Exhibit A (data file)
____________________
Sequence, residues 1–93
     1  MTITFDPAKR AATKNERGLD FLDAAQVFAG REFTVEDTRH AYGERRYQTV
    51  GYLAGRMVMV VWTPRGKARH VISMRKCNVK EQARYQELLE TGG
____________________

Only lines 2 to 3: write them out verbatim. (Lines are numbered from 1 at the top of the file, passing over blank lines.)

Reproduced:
     1  MTITFDPAKR AATKNERGLD FLDAAQVFAG REFTVEDTRH AYGERRYQTV
    51  GYLAGRMVMV VWTPRGKARH VISMRKCNVK EQARYQELLE TGG